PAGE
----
When talking about ESG standards, there is actually no one exact framework that applies to all, and instead, there are several frameworks that can be implemented by any organization as a guide to its ESG reporting.
One of the global benchmarks is the United Nations Sustainable Development Goals (SDG) that comprises 17 main goals and 169 targets, to achieve the UN agenda in 2030. The implementation of these 17 goals is expected to balance and give justice to society, biodiversity, and planet Earth. Some of the most-used approaches in ESG reporting by global firms include: Carbon Disclosure Project (CDP) that helps companies in measuring and managing both risks and chances in resolving the climate change issues, supply chain, water usage, and forestry; Global Reporting Initiative (GRI) that not only covers the environmental issues, but also corruption, health and safety, as well as workforce relations; and many more.
These ESG frameworks encourage companies to record and report any kind of information regarding the impact to environment, just like how they report their financial information一both of them are equally important. This aims to provide the necessary information for investors in decision making, and in making sure of a solid capital market.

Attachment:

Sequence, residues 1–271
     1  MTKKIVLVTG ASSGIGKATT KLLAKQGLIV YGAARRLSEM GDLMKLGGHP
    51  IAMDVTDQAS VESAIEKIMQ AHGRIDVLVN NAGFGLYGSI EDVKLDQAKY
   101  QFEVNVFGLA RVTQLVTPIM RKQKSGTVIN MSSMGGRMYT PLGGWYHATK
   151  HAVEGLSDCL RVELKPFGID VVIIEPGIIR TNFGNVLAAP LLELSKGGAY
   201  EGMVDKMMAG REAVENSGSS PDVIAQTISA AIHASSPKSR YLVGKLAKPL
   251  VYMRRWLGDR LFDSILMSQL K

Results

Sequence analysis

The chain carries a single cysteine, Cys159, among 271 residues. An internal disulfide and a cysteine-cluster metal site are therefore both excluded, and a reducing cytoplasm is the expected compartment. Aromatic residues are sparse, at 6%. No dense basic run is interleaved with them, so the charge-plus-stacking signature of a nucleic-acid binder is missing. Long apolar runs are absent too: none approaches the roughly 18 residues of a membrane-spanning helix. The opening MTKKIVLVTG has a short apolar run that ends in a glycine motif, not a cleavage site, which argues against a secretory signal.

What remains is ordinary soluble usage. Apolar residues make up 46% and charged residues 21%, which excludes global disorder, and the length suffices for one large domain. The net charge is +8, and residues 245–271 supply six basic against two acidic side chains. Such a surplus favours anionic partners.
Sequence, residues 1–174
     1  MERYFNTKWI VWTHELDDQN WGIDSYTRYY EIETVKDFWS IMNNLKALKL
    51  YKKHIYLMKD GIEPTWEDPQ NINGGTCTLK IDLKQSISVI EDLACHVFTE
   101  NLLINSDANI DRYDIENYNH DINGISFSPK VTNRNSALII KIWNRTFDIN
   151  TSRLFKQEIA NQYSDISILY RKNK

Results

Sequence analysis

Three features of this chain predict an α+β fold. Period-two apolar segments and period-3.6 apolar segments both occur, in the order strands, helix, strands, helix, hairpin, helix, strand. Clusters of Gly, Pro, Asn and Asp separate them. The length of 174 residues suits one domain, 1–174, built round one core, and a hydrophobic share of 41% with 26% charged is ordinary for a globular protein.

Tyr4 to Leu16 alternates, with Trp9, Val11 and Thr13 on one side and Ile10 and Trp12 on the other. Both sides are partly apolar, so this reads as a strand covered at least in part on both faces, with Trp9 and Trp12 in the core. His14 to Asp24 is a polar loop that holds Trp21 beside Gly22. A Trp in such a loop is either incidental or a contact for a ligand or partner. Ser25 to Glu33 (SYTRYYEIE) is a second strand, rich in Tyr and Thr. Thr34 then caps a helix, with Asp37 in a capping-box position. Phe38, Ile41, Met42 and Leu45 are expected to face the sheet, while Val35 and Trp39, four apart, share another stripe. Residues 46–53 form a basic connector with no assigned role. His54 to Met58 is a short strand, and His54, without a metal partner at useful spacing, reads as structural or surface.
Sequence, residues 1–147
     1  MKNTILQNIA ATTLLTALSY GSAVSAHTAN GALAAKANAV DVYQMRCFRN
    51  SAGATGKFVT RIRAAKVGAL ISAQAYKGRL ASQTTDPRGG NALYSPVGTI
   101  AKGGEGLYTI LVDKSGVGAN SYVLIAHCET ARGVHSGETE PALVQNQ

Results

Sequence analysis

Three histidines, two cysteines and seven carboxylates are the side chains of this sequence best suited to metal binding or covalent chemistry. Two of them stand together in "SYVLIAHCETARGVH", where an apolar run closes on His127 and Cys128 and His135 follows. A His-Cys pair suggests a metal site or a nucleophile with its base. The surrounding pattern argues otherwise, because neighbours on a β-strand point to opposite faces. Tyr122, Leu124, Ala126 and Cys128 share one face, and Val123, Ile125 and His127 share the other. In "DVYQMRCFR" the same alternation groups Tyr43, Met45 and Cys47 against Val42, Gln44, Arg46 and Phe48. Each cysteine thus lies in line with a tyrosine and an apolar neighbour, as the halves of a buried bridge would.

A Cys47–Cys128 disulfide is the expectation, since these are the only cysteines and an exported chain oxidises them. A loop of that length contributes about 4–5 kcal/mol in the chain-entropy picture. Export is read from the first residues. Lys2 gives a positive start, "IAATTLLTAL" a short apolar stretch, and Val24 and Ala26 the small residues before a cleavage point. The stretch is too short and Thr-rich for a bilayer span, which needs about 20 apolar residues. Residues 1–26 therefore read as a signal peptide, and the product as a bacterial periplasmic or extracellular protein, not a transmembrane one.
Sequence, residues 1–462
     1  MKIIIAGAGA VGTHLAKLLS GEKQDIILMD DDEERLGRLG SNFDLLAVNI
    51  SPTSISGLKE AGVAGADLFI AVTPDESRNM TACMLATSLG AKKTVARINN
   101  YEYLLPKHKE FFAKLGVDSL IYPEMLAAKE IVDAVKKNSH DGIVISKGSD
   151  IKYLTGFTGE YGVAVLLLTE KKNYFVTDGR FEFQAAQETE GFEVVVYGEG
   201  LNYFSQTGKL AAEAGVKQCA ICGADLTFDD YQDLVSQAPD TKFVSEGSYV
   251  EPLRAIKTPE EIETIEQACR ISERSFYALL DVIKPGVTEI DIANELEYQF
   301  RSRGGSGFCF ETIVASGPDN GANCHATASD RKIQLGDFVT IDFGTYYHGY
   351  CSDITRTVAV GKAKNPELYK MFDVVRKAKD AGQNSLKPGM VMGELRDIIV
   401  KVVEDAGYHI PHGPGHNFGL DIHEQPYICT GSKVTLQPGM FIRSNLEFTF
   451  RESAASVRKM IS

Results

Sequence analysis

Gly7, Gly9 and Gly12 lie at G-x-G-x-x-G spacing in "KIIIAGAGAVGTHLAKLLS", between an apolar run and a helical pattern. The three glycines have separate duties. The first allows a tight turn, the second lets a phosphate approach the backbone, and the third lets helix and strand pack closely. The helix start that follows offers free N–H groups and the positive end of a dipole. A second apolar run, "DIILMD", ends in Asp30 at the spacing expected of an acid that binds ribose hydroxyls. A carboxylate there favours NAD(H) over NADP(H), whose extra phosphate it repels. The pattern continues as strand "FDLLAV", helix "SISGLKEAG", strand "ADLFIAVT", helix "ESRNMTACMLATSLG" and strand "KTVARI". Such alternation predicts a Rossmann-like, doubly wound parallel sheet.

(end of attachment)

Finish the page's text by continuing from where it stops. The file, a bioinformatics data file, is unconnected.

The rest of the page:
It could be a challenge because the approach is also different from business-as-usual. Usually, a firm does everything in its power to maximize its profit. Meanwhile, many parties might be worried that incorporating ESG objectives will prolong decision-making and risk the financial return since there are many factors that need to be observed closely.
In fact, there are researches that claim that ESG implementation in businesses can increase their performance for the better. A study in 2017 from Nordea Equity Research, a financial services group in Nordic countries, also reveals that companies with high ESG scores have 40% higher performance than those with lower scores.
However, the clock is ticking. Not a one-man job to handle multiple global challenges – climate change, social inequalities, and energy transition. We cannot pause these problems. We need to hurry to balance our actions – prioritize sustainability over profit alone. Let’s together put meaningful impacts on our actions.
By Willson Cuaca, Co-Founder and Managing Partner of East Ventures.
Original article on Tempo.co, February 11, 2022